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The Laos War and its Long-Term Impact on U.S. Relations with Southeast Asia

by Joshua Kurlantzick
February 10, 2017

obama-laos U.S. President Barack Obama delivers an address at the Lao National Cultural Hall, on the sidelines of the ASEAN Summit, in Vientiane, Laos on September 6, 2016. (Jonathan Ernst/Reuters)


In my new book, A Great Place to Have a War: America in Laos and the Birth of a Military CIA, I examine how the covert war in Laos, during the 1960s and early 1970s, dramatically changed the Central Intelligence Agency. But the war also forever altered Laotian domestic politics, and Vientiane’s relationship with Washington. Within the country, the war’s effects continue to shape politics. After 1975, Laotian security forces usually viewed Hmong communities with suspicion, and harshly repressed all political activity, as the post-1975 Laotian government instituted one of the toughest authoritarian regimes in the world. Being isolated from the world, a consequence partly of the brutal war and of many foreign countries losing interest in Laos after the conflict, made it even easier for Vientiane to suppress dissent, as few journalists, diplomats, or other observers paid attention to what happened in the country. The few governments that remain close to Vientiane, like Vietnam and China, do not care about the Laotian government’s repressive tactics.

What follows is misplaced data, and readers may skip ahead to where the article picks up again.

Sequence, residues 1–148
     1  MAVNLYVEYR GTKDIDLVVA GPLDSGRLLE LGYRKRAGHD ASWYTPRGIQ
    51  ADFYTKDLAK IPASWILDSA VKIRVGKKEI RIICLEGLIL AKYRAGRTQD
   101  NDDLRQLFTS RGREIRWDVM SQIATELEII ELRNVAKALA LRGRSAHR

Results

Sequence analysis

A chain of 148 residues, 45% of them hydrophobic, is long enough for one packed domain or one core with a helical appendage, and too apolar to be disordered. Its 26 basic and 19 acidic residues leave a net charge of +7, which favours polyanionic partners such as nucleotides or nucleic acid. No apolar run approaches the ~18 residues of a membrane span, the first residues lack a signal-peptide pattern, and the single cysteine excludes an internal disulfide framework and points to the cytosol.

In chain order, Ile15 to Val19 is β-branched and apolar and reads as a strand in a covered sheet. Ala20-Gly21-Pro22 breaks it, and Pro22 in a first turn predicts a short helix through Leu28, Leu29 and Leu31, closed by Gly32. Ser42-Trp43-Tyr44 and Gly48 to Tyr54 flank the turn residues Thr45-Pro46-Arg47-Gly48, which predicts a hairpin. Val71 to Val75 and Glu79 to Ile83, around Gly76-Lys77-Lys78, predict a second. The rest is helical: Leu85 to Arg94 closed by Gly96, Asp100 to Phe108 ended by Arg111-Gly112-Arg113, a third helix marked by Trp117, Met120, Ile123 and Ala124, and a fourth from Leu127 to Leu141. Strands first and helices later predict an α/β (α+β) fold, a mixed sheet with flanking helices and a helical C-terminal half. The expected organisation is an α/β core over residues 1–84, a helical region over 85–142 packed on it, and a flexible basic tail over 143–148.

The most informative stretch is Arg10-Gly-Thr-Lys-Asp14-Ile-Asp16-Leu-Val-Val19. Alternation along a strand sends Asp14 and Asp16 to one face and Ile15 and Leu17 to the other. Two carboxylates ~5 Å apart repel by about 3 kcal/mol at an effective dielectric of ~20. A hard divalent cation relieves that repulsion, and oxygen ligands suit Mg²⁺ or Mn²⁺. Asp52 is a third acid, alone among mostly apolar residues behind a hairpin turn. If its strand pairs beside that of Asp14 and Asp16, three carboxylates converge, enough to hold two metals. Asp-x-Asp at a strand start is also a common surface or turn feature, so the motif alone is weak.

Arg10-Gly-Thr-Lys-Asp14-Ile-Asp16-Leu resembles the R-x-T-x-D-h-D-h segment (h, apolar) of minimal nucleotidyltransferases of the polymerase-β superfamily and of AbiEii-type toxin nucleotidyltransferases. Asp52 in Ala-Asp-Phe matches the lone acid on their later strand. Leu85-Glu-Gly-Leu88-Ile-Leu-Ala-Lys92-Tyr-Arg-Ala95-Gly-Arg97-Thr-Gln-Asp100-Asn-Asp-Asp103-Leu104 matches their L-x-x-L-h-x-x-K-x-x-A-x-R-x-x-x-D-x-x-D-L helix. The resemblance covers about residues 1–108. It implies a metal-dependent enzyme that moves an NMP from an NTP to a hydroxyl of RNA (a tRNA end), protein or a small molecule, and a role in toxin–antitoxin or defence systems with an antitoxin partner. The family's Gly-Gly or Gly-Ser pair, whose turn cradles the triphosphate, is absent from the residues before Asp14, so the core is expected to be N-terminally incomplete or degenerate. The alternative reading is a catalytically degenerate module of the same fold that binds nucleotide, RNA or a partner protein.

The U.S. and Laos never fully rebuilt the level of bilateral ties that they enjoyed before 1975. But Laos vanished from the U.S. foreign policy radar and, by extension, the radar of many U.S. allies in Asia, like Australia and Thailand. For more on how the war impacted Laos’ domestic and foreign politics, see my new book adaptation in Nikkei Asian Review.

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